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The trouble with trying to make Rick Santelli into the new populist icon is that it's all bullshit. Politico's headline reads: Obama's Challenge: A nation of Santellis.

When CNBC’s Rick Santelli argued last week that President Barack Obama’s mortgage bailout plan would force hard-working Americans to pay for their neighbors’ mistakes, White House press secretary Robert Gibbs dismissed him as a know-nothing derivatives trader out of touch with Main Street.

But if the White House simply dismisses Santelli’s point, it may do so at its peril: A Rasmussen poll released Monday found that 55 percent of those surveyed thought federal mortgage subsidies to those most at risk of losing their homes would be “rewarding bad behavior.”

But except for Rasmussen, which has become the "go to" poll for lonely Republicans, public opinion is squarely on Obama's side.

In fact, ABC/WaPo says:

While Obama has encountered near unanimous GOP opposition to his stimulus plan in Congress and widespread criticism for a housing bailout plan some critics say rewards people who have been fiscally irresponsible, 64 percent of those polled back the economic recovery package and the same percentage backs the mortgage proposal.

Overall, 60 percent of poll respondents approve of how he is dealing with the economy.

CNN adds this interesting and important tidbit:
You know times are tough when Republicans have more confidence in a Democratic president than they do in bankers or Wall Street investors, but that's what the poll is showing now," said CNN Polling Director Keating Holland. "Among Republicans, 37 percent say they are confident in Obama's ability to make the right economic decisions, but only 31 percent of Republicans feel that way about Wall Street."

"Labor union leaders don't fare badly either," said Bill Schneider, CNN senior political analyst. "Nearly half the public has confidence in them. But Wall Street investors? Bankers and financial executives? Auto company executives? No more than 30 percent have confidence in them.

"Right now, Americans trust political leaders more than business leaders. That's new and it has consequences."

How tough is tough? There's always the NY Times to spell it out:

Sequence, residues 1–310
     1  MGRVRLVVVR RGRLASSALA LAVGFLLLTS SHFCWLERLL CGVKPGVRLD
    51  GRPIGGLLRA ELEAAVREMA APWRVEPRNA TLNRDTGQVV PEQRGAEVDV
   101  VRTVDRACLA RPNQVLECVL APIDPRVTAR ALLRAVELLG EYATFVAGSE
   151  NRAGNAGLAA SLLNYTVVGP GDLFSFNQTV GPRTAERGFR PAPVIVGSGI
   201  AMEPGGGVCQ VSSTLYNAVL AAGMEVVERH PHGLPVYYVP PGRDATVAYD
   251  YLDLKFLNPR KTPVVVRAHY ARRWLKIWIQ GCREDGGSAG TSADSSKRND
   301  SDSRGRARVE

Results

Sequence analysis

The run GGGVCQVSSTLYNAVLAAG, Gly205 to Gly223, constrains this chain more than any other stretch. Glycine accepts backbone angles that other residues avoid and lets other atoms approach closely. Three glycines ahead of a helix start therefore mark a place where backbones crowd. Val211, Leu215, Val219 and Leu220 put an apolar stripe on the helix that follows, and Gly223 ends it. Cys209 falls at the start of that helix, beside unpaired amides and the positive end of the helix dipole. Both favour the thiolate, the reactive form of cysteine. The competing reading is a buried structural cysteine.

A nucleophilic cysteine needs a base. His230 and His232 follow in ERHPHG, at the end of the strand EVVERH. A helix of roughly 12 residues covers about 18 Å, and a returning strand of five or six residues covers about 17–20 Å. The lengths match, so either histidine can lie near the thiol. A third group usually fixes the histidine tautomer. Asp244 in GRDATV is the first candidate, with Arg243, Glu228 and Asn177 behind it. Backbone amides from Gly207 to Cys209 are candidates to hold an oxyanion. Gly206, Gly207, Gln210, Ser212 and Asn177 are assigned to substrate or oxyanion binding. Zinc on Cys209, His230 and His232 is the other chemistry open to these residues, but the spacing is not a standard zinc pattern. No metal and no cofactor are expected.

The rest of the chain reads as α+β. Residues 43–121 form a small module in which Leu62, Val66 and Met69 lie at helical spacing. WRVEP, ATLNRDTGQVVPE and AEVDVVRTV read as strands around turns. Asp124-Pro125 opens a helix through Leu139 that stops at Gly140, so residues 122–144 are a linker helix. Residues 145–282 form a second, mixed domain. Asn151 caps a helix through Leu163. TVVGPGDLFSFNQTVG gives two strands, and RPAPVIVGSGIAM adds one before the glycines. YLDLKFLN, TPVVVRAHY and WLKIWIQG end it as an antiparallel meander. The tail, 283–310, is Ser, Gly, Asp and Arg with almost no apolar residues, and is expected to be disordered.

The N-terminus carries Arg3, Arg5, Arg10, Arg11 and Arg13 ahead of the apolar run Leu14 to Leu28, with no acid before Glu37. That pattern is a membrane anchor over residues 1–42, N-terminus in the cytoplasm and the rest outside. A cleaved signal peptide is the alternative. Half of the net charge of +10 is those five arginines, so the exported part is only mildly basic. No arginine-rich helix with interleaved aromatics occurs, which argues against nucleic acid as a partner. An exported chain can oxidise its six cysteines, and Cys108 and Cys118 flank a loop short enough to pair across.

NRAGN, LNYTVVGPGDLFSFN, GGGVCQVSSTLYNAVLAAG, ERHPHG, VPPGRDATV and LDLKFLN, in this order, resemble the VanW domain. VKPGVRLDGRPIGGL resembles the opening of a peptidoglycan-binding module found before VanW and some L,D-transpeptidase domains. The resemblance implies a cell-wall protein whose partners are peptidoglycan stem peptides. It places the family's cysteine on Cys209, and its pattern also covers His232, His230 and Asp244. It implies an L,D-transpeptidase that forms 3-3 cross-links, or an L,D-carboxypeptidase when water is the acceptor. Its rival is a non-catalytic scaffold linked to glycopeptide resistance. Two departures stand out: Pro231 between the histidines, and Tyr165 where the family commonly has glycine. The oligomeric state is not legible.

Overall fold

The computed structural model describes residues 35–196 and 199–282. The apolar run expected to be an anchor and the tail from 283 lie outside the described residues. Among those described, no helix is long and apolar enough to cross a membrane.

With a job approval rating of 63 percent, Mr. Obama is in a strong position to sell his economic policies. Yet the poll also captured skepticism about how effective his plans will prove to be in addressing the deep recession, as well as a strain of populism that could test his ability to retain public support for efforts to prop up key sectors of the economy...

A majority of people surveyed in both parties said Mr. Obama was striving to work in a bipartisan way, but most Americans faulted Republicans for their response to the president, saying the party had objected to the $787 billion economic stimulus plan for political reasons. Most Americans said Mr. Obama should pursue the priorities he campaigned on, the poll found, rather than seek middle ground with Republicans.

Ouch. Now, the public isn't in a giving mood when it comes to business, who they think play a rigged game with a stacked deck. NY Times:
A majority of poll respondents said bankers, not all Americans, would benefit from rescuing the nation’s financial institutions. An even wider majority said the struggling automotive companies should not receive further taxpayer money to help them survive. And while there is a strong belief that government should help homeowners avoid foreclosure, people are evenly divided over whether the plan announced last week is fair.
So, my media friends, try as you might, you can't fool the public. This isn't Obama's problem, it's a problem for Republicans and for Wall Street. The public doesn't trust either one, so let's start telling it like it is. There's more work to be done on the program for homeowners, but let's not pretend the Rick Santellis of the world are "average Joe Populist", or that commodity traders represent public opinon. If anything, they're on the wrong side of the divide, along with Congressional Republicans.
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Originally posted to Daily Kos on Tue Feb 24, 2009 at 07:40 AM PST.

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